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- Russia has leaned on claims that Ukraine has killed Russian speakers in the country and that Russians are the targets of genocide there, but there’s no evidence to support that.
Russia has deployed a misinformation campaign as the country invades Ukraine, creating, as the New York Times put it, "an alternate reality where the invasion is justified and Ukrainians are to blame for violence."
A recent Facebook post seems to echo Russian talking points, claiming that "for eight years, Ukraine has been shooting residents of Donetsk and Lugansk just because they wanted to speak Russian."
This post was flagged as part of Facebook’s efforts to combat false news and misinformation on its News Feed. (Read more about our partnership with Facebook.)
We’ve previously debunked Russian President Vladimir Putin’s claims that ethnic Russians are Ukrainian targets of genocide. He called Russia’s attack on Ukraine a mission "to protect people who, for eight years now, have been facing humiliation and genocide perpetrated by the Kyiv regime." But there’s no evidence to support this. Civilian deaths in Eastern Ukraine have plummeted, according to the United Nations’ Commission on Human Rights.
We also found no evidence to support the claim that people are being assassinated for wanting to speak Russian.
On March 11, NPR aired a story in which reporter Eleanor Beardsley traveled across Ukraine to investigate Putin’s claims that Russian-speakers were being killed there.
"That’s a big hoax," said the owner of a language school in Kyiv where students primarily study Russian. "There’s nothing of that going on."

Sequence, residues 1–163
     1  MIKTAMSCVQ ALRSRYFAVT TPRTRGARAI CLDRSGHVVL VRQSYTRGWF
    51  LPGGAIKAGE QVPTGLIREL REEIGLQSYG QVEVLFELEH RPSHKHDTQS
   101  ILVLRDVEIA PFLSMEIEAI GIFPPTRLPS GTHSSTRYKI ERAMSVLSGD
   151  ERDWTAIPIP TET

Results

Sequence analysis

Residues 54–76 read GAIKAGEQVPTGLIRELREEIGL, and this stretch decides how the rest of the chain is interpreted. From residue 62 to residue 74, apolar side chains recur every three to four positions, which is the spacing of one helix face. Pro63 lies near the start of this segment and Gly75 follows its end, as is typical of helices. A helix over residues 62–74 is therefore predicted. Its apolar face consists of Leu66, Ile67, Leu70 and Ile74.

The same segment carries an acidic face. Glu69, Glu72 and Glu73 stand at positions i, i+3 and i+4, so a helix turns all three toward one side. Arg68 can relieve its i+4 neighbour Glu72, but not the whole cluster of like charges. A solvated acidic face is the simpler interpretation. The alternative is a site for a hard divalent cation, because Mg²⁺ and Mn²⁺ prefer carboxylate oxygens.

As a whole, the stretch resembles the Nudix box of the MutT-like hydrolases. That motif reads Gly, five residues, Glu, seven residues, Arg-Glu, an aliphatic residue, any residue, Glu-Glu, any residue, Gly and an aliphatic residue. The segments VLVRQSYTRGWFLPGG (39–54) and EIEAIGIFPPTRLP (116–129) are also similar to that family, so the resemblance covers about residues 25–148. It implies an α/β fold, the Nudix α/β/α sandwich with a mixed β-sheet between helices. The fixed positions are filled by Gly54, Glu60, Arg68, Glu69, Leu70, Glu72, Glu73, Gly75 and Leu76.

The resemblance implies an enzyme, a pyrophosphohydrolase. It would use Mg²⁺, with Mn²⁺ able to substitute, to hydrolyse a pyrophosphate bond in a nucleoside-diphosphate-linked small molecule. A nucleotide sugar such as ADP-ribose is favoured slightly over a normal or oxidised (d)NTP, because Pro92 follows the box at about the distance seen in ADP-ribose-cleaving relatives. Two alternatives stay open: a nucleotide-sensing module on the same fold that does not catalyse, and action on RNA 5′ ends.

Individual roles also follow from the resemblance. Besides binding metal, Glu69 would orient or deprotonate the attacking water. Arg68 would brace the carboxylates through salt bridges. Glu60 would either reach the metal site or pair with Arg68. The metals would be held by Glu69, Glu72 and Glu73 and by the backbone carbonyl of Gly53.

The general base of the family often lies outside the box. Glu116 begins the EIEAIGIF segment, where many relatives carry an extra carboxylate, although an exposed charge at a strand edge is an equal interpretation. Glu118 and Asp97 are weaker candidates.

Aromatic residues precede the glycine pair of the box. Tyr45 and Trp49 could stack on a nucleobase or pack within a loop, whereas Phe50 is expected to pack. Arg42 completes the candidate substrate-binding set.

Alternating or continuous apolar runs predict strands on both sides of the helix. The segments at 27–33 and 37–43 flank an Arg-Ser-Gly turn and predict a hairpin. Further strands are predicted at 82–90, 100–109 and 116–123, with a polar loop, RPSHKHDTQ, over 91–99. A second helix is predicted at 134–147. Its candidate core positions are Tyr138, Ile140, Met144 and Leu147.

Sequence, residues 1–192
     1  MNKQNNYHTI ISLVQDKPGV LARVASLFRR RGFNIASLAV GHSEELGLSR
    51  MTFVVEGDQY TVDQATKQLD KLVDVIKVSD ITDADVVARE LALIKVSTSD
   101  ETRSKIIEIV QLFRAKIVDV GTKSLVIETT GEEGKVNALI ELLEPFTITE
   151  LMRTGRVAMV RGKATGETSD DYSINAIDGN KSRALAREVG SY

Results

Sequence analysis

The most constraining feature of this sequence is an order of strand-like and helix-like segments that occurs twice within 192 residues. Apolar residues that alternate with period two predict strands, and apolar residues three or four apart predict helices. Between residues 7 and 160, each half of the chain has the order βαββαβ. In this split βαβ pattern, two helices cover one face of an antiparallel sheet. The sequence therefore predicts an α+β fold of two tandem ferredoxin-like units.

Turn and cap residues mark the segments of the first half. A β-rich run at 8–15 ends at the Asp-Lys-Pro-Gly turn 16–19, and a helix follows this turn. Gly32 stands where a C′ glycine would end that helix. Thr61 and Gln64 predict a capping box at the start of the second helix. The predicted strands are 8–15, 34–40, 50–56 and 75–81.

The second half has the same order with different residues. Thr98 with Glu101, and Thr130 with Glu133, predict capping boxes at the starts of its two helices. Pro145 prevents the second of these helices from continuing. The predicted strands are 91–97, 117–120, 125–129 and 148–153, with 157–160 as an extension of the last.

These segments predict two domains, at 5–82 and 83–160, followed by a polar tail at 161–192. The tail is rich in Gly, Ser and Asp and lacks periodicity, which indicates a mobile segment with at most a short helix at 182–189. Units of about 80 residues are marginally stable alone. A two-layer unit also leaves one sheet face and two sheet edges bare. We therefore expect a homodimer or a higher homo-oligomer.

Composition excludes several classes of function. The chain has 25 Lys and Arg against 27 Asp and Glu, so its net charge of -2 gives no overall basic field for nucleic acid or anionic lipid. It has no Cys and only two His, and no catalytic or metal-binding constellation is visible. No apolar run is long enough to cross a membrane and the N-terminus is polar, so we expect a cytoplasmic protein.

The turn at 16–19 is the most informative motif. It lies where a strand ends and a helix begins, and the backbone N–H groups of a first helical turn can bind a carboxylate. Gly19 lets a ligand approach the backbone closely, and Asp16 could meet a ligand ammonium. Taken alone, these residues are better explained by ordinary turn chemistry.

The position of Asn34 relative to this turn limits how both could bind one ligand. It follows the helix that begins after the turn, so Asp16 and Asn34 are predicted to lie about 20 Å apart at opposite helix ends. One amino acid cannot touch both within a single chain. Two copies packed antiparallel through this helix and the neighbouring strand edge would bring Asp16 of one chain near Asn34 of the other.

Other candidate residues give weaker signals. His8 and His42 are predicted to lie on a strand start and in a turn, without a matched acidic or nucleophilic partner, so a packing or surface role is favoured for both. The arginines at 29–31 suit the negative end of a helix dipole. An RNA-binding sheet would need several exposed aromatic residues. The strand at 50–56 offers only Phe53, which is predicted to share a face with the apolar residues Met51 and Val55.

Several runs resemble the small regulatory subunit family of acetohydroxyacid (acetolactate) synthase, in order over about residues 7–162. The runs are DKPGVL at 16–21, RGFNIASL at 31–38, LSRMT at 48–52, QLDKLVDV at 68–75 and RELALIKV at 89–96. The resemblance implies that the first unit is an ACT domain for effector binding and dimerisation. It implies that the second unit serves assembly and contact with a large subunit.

Ukraine’s Parliament has made Ukrainian the country’s official language, , but the law doesn’t prohibit the use of Russian and most of the country speaks it fluently, Beardsley reported. Russian is Ukrainian President Volodymr Zelenksy’s first language.
Vadim Lyakh, mayor of Slovyansk, a town in the eastern Donbas region, said "there’s absolutely no discrimination" and that while the town’s official correspondence is in Ukrainian, "people continue to speak Russian at work and at home, as we always have."
Since Russia’s military presence started growing on Ukraine’s borders in December, "claims of ‘genocide’ of Russian speakers in eastern Ukraine have been a constant background hum on Russian state propaganda channels," Russian journalist and fact-checker Alexey Kovalev told the New York Times.
The U.S. State Department calls this framing "Russophobia," a label the Russian government uses whenever it "wants to play the victim, when it is actually the aggressor."
Ukraine appealed to the U.N.’s International Court of Justice in the Hague to rule on the Russian government’s claims of genocide "in the Luhansk and Donetsk oblasts of Ukraine," calling them false. The court ruled 13-2 on March 16 that the Kremlin’s justification for the war was unjustified and ordered Russia to stop its invasion. Judges from Russia and China were the two dissenting votes.
We rate this post False.
Facebook post, March 20, 2022
The New York Times, Putin’s Baseless Claims of Genocide Hint at More Than War, Feb. 19, 2022
The Guardian, Mayor of Melitopol released after abduction - as it happened, March 17, 2022
U.S. Department of State, Russia’s Top Five Persistent Disinformation Narratives, Jan. 20, 2022
PolitiFact, Vladimir Putin repeats false claim of genocide in Ukraine, Feb. 25, 2022
NPR, Putin claimed Russian-speakers were being killed in Ukraine. Was that true?, March 11, 2022
International Court of Justice, Allegations of Genocide under the Convention on the Prevention and Punishment of the Crime of Genocide (Ukraine v. Russian Federation), March 16, 2022
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